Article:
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Buddha Machine Variations No. 29 (Prescient Delay)

A series of focused experiments

At some point during the Buddha Machine Variations series of exercises, it occurred to me that many people who might come across these videos probably haven’t ever actually heard the Buddha Machines themselves. As a result, I began, on occasion, to include the unadulterated sound of the source audio at some stage of a given piece, generally at the start of a recording, so that the contrast between, dare I say, raw and cooked would be more evident.

This piece, “Prescient Delay,” is built around three delays set at different rates. It opens with the unaltered sound of the Chan Fang model of the Buddha Machine (first released in 2010). Or at least what appears to be unaltered sound. In fact, the audio is being delayed a few seconds. This delay doesn’t affect the sound itself. What it does do is allow for other sounds to insert themselves as premonitions of the main line. The main line here is the second channel of the mixer (the yellow cable). The delays all occur in the ER-301 module, the one three in from the bottom left.

A copy of that unaltered source audio is being sent, separately, through a filter bank, one of my favorite tools, which siphons off distinct bands of the audio spectrum. One of those bands, the white cable, goes into the first channel of the mixer. It’s heard for the first time just shy of 40 seconds into the recording. The quality of this line is quieter, softer, than the main track, and because the main track is set on a delay, this little element is heard before it, giving it a kind of prescience. This line is the only one in the piece occurring in sync with the Buddha Machine itself.

Another band of the filter bank, the orange one, channel three in the mixer, is also being delayed a tad, a bit less so than the main line, so when it is potted up, around the 1:20 mark, it contributes a second premonition of the main line.

Finally, a third band of the filter bank, the blue one (channel four in the mixer), is also set on a delay that’s shorter than the main line. It’s a third premonition, but it’s something else as well. While the delay of the yellow and orange lines are fixed, the delay of this blue band is shuddering, changing slightly, hence that warble quality it has. (The effect is a bit like that of the Instant Lo Fi Junky, a synthesizer module and guitar pedal that I like very much.) This is achieved thanks to a wave form that is ever so slightly altering the value of the delay (the number of milliseconds it is removed from the source audio). The wave is produced by a combination of two waves that come out of the Batumi (note the two short white cables) and go into the S.P.O., the white cable from which goes into the third gate jack of the ER-301. At 2:20, I push a button on the Ornament and Crime module (the black one three in from the bottom right), and you can see a little oscilloscope image. That image shows the wave form that is affecting the value of the delay for the blue line. In addition, if you look at the top screen of the ER-301, you might notice the value of the delay shifting up and down rapidly just above the fourth button in from the left.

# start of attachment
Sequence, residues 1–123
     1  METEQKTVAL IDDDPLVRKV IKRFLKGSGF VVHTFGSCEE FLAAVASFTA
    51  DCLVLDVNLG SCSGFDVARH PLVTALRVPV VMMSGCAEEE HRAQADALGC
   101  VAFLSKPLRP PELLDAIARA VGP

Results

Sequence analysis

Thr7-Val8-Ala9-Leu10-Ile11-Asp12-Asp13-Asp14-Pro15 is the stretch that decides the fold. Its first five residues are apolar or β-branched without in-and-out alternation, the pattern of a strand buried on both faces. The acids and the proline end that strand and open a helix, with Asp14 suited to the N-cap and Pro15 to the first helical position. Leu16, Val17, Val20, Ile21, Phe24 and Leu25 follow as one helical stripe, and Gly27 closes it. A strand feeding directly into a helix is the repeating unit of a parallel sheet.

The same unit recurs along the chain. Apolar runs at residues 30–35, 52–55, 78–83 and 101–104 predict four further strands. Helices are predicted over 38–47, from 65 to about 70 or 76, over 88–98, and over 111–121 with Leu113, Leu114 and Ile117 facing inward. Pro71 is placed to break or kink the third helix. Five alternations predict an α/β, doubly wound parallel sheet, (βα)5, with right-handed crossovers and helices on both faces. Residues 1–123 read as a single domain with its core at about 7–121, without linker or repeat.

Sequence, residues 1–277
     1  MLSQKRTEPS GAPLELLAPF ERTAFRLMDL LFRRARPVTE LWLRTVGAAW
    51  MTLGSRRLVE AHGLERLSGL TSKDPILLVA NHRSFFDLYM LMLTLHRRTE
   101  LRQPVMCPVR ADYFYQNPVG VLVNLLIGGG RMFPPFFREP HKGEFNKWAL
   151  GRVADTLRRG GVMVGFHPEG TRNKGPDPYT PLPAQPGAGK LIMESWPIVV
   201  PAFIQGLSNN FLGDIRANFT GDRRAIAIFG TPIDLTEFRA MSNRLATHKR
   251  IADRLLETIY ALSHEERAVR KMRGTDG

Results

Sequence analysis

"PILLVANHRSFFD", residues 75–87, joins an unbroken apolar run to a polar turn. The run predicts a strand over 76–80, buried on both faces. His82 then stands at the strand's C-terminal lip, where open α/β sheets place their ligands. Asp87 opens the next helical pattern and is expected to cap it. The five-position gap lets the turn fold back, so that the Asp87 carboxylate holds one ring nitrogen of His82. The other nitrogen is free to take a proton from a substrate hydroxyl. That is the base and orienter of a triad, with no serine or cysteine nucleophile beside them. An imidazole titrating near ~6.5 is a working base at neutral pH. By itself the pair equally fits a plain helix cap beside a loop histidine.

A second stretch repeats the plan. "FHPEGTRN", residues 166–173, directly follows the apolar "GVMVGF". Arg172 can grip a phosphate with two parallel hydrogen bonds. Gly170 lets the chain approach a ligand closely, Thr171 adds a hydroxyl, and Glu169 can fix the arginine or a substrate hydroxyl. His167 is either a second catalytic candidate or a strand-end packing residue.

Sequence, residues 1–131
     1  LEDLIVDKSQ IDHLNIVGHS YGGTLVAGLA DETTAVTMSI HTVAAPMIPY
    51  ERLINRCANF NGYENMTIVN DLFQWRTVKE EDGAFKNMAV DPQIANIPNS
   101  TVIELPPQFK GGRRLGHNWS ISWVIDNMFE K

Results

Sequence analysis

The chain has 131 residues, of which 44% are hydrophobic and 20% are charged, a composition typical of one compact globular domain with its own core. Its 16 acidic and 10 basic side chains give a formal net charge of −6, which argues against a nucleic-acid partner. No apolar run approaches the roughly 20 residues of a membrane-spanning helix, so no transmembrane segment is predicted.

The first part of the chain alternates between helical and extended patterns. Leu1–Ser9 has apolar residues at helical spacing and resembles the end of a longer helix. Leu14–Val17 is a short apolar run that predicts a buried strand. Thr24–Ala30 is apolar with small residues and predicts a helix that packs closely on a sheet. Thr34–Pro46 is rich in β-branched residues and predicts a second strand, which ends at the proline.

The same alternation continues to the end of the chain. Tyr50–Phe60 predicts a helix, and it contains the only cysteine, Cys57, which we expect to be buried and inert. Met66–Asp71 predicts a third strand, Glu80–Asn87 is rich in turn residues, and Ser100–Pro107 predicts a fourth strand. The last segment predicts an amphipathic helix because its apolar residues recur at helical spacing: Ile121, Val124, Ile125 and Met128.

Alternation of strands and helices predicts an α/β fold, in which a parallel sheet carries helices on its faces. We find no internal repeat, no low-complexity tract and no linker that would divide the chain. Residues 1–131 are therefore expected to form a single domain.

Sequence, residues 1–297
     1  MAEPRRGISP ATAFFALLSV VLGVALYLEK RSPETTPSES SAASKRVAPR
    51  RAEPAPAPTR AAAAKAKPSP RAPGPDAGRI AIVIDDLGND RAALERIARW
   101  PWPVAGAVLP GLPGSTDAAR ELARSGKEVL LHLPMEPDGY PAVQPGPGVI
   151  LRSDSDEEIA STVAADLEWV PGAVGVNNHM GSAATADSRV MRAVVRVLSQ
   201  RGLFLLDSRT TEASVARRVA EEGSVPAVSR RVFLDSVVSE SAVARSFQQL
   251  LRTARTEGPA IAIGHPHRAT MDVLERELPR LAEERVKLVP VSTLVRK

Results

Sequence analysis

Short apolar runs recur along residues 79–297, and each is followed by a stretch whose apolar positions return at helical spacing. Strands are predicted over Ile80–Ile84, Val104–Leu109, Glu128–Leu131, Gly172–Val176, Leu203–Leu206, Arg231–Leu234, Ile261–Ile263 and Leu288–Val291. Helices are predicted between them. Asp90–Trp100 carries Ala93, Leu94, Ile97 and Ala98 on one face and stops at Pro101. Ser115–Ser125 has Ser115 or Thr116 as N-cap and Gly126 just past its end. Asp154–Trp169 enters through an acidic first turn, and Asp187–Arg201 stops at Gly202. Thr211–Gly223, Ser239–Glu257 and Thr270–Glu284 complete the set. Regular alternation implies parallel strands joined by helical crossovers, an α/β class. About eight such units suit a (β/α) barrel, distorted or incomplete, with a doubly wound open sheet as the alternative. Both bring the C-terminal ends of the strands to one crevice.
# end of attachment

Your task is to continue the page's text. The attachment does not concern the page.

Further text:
And that covers it. If you have any questions, let me know. I’m very happy with how the premonition-like quality of these early apparitions function, and how they alter my sense of the utility of delays. I previously thought of delays as things that happen “after” the main line. No longer.

For further patch-documentation purposes, here’s a straight-on shot of the synthesizer:

Video originally posted at There’s also a video playlist of the Buddha Machine Variations.

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  • Marc Weidenbaum founded the website in 1996 at the intersection of sound, art, and technology, and since 2012 has moderated the Disquiet Junto, an active online community of weekly music/sonic projects. He has written for Nature, Boing Boing, The Wire, Pitchfork, and NewMusicBox, among other periodicals. He is the author of the 33 1⁄3 book on Aphex Twin’s classic album Selected Ambient Works Volume II. Read more about his sonic consultancy, teaching, sound art, and work in film, comics, and other media

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